"Rivers Without Borders has been striving to protect the wild intact watersheds and rich ecological and cultural values of the British Columbia-Alaska transboundary region since 1999. We engage First Nations, commercial fishermen, scientists, environmental organizations, government, community leaders, media, and others to advance our conservation vision for this vast, remote, and spectacular area."
The Takshanuk Watersheds have supported local residents for thousands of years with a rich and abundant fishery. Five species of pacific salmon (Oncorhynchus sp.) have evolved in the mountainous landscape over thousands of years. The Chilkat, Chilkoot and Ferebee Rivers flow from headwaters in British Columbia and the Yukon Territories of Canada, into the fjords of the Upper Lynn Canal.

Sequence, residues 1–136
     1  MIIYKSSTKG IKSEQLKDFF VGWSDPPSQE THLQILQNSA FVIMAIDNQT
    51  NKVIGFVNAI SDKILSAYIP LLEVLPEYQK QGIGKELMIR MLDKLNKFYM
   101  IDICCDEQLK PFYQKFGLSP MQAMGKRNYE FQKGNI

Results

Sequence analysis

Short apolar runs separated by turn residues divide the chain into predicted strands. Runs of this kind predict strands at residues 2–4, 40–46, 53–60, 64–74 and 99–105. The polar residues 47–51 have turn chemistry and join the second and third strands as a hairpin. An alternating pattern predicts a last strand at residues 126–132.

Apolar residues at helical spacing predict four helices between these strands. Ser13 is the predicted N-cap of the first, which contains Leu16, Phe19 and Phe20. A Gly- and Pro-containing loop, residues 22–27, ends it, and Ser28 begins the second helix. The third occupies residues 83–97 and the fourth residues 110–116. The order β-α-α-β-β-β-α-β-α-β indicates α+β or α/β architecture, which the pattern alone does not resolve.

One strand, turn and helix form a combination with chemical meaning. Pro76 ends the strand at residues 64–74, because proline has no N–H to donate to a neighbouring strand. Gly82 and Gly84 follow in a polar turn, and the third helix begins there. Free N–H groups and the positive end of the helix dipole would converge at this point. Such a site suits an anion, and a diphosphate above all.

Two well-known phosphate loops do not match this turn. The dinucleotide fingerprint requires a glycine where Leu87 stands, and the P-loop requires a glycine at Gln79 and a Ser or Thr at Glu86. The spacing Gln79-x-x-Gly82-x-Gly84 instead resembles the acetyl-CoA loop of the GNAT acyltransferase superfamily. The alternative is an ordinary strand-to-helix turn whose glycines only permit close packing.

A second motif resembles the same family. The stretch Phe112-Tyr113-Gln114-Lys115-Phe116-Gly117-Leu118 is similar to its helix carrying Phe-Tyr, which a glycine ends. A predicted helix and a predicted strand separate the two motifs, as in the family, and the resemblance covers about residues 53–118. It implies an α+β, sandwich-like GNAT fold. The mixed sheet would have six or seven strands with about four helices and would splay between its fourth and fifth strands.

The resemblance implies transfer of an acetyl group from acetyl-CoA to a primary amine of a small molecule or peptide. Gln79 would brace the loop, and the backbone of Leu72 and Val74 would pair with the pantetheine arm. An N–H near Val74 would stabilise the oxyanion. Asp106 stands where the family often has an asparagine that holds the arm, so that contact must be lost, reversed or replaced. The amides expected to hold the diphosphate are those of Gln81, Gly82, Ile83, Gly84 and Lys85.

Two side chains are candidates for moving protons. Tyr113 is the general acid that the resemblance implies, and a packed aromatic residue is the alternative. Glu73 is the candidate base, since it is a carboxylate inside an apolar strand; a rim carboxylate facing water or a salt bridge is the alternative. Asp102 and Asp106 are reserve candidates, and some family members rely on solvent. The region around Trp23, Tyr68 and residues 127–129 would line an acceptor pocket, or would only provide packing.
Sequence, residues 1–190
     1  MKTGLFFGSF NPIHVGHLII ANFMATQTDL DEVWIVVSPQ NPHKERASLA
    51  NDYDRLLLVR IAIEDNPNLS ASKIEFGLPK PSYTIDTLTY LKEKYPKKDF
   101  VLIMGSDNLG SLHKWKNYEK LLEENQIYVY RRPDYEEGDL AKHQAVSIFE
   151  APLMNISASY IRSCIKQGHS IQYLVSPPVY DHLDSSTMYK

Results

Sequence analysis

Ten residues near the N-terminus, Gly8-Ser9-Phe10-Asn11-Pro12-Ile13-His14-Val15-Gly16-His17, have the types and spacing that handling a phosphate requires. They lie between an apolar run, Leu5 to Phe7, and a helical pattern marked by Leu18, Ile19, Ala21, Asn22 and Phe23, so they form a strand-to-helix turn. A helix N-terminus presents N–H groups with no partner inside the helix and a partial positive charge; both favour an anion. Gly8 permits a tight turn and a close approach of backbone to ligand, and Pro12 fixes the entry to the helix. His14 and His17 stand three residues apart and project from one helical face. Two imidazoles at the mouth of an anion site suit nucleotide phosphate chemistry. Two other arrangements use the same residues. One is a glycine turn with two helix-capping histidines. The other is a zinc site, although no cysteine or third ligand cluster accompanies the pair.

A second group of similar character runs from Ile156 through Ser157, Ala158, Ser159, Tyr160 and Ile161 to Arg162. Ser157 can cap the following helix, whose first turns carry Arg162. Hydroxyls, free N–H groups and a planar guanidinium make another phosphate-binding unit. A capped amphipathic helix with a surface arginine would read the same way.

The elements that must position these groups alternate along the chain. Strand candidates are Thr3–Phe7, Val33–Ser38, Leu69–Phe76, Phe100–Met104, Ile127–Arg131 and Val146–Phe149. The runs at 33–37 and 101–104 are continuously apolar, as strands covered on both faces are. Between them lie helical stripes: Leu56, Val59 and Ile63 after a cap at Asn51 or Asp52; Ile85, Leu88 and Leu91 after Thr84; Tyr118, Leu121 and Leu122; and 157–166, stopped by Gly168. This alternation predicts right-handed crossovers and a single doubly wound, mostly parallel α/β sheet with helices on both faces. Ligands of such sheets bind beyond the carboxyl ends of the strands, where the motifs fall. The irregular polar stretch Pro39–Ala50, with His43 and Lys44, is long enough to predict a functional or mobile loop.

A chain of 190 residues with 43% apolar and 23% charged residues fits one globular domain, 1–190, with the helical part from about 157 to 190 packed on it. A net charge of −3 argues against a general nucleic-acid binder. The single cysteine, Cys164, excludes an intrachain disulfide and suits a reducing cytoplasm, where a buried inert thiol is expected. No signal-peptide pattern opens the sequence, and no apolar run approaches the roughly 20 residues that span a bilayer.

There is no single resource as closely tied to Nisga'a life and culture as salmon. For thousands of years, the rich salmon runs of the Nass River allowed our people to sustain our villages and to develop trading relationships that extended into the interior of British Columbia and up and down the coast of the Pacific Northwest.
The Stikine River originates in the Cassiar and Stikine Mountains of northwestern British Columbia and drains a 51,000-square-kilometre basin before crossing the border with the United States on the Alaska Panhandle and discharging through several channels into the Pacific. The upper portion of the river basin is a semi-arid plateau of up to 1,900 metres in elevation,